first_imgTo understand how developers feel about technologies that support their e-commerce needs, Four51 commissioned a study by Forrester Consulting, revealing that modern developers are more involved in e-commerce solutions at their organizations. Developers believed they will be developing in Platforms-as-a-Service (PaaS) more so than Software-as-a-Service (SaaS), with the amount of their on-premise solutions decreasing.Four51, a B2B e-commerce company, surveyed 150 developers in North America in three groups for this study, such as developers and architects at enterprises, consultants or agencies, and software companies or vendors that touch e-commerce.From the perspective of Four51 CTO Steve Davis, developers are favoring cloud-hosted PaaS because it provides a much simpler and faster process. Modern APIs and integrations have made PaaS more accessible so developers can deploy their e-commerce applications to the cloud.(Related: PaaS is still kickin’ as a technology. Here’s why)“[PaaS] allows you to create an interface or user experience separate from that data model so you can integrate other components into it, and other services, and then build your own to it,” said Davis. “It’s a much simpler process to get there, it’s much faster, and from a management perspective, it also removes some technological skills that are necessary for resources by not having infrastructure needs, [and] not having database management needs.”From the survey, one reason developers are choosing PaaS is because their current e-commerce solutions are not delivering the quality that they want to see in a B2B e-commerce platform. The survey found that 64% of developers are disappointed with their legacy platforms, and the qualities with the largest differences between requirement and performance are cost (56%), completeness of feature sets (55%), mobile capabilities (51%), cloud deployment capabilities and cloud readiness (50%), and breadth of integration options (43%). Developer frustration with legacy platforms could play a role in the increase in adopting cloud services. B2B e-commerce developers reported plans to decrease the share of projects built on-premise and to increase those projects built in the cloud, according to the survey.On-premise deployment makes up a large share of B2B e-commerce deployments today at 28%, but cloud-based models add up to nearly double, with a combined share of 53%, according to the survey. Developers are predicting that 56% of their deployments will be in the cloud within two years, and PaaS deployments will see the biggest rate of increase at 14% in their share of B2B e-commerce.The survey also found that on-premise solutions do not work with today’s modern budgets or timetables. Respondents who recently developed in an on-premise environment said that major issues included cost of maintenance, acquisition and implementation, along with the burden of applying new upgrades or versions. The survey also found that respondents complained about the time required to maintain, acquire, or implement on-premises solutions, as well as the issues that arise when trying to deal with internal procurement and budgeting processes.One finding from the survey that stood out to Davis was that the primary reason developers were dissatisfied with their current on-premises or SaaS solutions was cost of maintenance. He said that maintaining an infrastructure that has every tool needed to host that kind of platform requires very disparate skill sets, which means multiple resources that are “costly to take on,” he said.“A lot of these platforms still aren’t easy to deploy on those environments, so that was a big factor [for developers],” said Davis. “The other one is just the ongoing maintenance, which is applying upgrades or patches that they have to consider any customizations.”One of Forrester’s recommendations was that companies doing e-commerce should support developers’ exploration of new e-commerce capabilities. Letting developers experiment with different solutions that are easy to deploy, pay-as-you-go and customizable allows them to work with agile development, and they will have more in common with modern development projects, according to the survey.last_img read more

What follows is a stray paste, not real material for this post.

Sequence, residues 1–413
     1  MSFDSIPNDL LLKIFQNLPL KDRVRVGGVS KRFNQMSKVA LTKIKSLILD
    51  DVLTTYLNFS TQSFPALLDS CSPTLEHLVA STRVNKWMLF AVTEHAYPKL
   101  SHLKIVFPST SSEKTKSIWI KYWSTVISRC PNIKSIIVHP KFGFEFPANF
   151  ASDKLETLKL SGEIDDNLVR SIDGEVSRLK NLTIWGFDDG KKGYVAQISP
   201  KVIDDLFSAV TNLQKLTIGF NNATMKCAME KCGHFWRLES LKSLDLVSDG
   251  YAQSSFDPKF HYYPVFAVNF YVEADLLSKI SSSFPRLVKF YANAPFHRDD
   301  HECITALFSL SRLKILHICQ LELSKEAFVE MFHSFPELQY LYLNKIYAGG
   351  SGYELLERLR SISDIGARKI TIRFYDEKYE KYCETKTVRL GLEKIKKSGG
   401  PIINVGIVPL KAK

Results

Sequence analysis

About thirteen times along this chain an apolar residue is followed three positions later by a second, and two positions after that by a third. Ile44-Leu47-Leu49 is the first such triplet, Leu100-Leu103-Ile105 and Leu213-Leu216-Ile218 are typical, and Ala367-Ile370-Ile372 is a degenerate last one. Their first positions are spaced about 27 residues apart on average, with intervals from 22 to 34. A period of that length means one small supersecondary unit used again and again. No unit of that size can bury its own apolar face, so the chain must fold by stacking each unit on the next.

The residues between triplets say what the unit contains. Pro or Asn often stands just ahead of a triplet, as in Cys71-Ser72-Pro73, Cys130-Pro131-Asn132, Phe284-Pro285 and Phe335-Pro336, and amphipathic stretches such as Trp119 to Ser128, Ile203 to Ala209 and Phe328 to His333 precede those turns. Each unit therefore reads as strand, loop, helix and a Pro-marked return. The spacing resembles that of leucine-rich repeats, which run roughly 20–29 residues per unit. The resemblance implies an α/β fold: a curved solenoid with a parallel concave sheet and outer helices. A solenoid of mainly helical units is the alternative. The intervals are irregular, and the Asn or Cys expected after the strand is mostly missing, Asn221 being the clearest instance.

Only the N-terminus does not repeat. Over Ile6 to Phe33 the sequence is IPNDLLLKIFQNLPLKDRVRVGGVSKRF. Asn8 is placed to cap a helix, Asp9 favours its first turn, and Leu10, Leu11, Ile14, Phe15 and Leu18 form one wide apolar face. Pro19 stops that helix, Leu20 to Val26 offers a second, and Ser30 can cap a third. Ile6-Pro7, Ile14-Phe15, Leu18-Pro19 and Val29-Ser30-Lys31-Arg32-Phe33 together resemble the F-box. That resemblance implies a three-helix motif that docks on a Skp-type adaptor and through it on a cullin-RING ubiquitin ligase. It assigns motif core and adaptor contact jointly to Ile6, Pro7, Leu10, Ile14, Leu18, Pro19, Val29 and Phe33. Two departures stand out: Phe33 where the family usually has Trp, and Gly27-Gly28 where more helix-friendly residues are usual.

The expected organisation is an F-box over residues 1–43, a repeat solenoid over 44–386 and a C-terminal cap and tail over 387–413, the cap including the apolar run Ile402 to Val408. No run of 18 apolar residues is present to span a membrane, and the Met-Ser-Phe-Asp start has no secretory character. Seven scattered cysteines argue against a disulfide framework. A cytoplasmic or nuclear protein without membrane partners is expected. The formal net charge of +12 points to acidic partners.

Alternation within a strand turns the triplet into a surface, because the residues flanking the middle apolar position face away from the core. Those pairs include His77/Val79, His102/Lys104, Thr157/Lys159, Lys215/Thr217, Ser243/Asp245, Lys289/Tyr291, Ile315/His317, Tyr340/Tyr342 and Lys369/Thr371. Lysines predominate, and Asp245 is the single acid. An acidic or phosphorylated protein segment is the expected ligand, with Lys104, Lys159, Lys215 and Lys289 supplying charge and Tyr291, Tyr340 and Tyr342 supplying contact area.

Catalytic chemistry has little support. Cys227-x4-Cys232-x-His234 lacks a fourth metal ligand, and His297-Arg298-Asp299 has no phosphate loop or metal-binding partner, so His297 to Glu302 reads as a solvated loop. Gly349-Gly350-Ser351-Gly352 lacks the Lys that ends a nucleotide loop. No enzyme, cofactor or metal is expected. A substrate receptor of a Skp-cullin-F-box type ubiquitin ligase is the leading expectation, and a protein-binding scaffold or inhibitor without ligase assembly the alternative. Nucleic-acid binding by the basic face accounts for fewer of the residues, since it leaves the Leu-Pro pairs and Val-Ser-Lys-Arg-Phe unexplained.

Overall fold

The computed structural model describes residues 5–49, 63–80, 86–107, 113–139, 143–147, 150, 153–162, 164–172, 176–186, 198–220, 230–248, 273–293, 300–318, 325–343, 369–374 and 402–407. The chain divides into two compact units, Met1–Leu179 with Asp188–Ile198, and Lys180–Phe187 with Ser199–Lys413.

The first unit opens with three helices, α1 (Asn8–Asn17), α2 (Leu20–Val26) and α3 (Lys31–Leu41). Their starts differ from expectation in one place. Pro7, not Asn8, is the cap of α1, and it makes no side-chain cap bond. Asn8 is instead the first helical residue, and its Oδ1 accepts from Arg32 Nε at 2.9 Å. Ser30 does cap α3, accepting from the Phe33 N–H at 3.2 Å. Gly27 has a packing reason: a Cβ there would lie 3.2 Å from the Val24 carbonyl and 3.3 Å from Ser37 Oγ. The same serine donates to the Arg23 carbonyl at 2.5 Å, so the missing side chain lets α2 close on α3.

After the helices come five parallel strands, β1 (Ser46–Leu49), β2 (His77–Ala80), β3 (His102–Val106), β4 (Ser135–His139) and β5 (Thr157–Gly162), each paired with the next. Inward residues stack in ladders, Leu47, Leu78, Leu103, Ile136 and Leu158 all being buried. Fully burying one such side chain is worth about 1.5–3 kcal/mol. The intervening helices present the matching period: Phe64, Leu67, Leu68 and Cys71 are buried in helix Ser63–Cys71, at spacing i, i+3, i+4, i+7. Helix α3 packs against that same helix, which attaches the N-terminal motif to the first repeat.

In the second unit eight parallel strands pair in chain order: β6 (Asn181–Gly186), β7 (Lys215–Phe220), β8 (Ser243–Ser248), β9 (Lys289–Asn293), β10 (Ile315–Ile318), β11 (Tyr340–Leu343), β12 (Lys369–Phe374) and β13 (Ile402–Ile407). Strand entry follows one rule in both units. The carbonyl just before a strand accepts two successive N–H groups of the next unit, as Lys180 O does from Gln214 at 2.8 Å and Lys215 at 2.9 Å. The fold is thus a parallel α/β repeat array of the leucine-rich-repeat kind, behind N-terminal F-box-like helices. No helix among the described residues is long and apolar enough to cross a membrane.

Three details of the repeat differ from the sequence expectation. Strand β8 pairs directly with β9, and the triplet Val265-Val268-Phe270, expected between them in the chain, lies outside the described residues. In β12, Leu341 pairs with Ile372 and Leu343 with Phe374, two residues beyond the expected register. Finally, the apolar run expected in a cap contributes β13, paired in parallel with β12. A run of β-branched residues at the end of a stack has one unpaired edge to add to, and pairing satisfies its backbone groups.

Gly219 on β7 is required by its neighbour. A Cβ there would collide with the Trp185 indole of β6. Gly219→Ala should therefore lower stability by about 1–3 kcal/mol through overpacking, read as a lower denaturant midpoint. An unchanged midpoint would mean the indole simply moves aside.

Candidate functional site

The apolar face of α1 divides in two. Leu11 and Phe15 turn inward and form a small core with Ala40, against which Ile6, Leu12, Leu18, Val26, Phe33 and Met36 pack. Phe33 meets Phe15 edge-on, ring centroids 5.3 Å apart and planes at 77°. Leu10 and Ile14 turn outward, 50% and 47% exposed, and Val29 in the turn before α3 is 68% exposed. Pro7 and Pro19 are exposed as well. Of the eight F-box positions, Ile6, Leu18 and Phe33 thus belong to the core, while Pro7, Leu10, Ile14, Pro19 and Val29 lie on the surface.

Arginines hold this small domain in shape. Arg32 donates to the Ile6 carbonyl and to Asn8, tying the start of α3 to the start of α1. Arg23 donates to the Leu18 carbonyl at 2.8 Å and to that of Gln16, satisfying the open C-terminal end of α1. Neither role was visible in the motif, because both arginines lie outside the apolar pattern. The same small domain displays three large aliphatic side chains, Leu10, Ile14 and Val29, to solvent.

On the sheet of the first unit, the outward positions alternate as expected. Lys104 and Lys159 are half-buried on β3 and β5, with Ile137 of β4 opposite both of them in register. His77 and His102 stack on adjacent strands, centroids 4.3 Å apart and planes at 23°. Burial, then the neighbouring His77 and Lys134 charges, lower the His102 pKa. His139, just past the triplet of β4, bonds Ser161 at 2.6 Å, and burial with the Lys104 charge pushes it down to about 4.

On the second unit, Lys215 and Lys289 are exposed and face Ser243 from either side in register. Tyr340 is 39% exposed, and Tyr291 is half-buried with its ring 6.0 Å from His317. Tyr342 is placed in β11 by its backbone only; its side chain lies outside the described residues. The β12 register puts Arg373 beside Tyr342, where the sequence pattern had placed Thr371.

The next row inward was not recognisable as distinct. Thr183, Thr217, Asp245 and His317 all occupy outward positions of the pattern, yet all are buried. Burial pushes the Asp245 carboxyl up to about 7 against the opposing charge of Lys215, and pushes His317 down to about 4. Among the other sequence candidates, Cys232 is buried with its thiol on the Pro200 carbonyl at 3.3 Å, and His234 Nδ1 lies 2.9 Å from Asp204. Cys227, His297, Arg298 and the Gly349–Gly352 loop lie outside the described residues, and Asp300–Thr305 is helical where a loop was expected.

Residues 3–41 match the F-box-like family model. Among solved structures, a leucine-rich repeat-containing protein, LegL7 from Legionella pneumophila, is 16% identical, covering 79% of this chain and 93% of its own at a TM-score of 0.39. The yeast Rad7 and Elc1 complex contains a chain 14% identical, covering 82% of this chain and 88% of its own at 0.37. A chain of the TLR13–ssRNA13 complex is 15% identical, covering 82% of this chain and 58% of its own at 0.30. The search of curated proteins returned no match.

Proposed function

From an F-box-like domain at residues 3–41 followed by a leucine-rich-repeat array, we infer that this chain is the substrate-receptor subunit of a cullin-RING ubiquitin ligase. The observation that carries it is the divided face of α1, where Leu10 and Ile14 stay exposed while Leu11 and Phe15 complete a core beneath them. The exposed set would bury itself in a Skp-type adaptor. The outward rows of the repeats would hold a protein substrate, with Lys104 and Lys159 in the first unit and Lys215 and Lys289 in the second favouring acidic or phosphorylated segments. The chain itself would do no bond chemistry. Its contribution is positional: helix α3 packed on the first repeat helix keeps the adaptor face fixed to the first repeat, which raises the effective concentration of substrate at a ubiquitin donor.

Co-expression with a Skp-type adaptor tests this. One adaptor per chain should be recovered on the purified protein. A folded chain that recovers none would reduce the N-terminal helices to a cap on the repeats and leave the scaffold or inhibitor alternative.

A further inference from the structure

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first_imgOpen-source software foundation Apache released version 1.0.0 of its Kafka distributed data streaming platform today, with the first full version number indicating Apache’s confidence that Kafka is ready for major professional use.“Apache Kafka is playing a bigger role as companies are moving to real-time streaming and embracing stream processing,” Jun Rao, vice president of the Apache Kafka team, said in the announcement. “The 1.0.0 release is an important milestone for the Apache Kafka community as we’re committed to making it ready for enterprise adoption.”The Apache Foundation highlighted features of Kafka 1.0.0 aimed at enterprises, like the ability to publish and subscribe to streams of data at a massive scale; real-time stream processing with exactly-once semantics, which avoids sending the same messages multiple times in the case of a connection error; and long-term storage of data streams. Accompanying various bug fixes and general improvements in the update are performance improvements to Apache’s implementation of TLS and CRC32C, including Java 9 support, faster controlled shutdown, better JBOD support and exactly-once semantics.As Apache describes it in its announcement, “Kafka provides low-latency, high-throughput, fault-tolerant publish-and-subscribe pipelines and is able to process streams of events. Kafka provides reliable, millisecond responses to support both customer-facing applications and connecting downstream systems with real-time data. Kafka is unique in that it can publish and subscribe to streams of data like a messaging system, process streams of data efficiently and in real time and store streams of data safely in a distributed, replicated cluster.”Apache Kafka 1.0.0 will be demoed at the the upcoming Kafka Summit 2018 in London and San Francisco.“We invite everyone to download Apache Kafka 1.0.0 and try it out,” Rao said. “We welcome community participation and look forward to engaging with users and hearing feedback at upcoming conferences and meetups as well as through the mailing list and pull requests.”last_img read more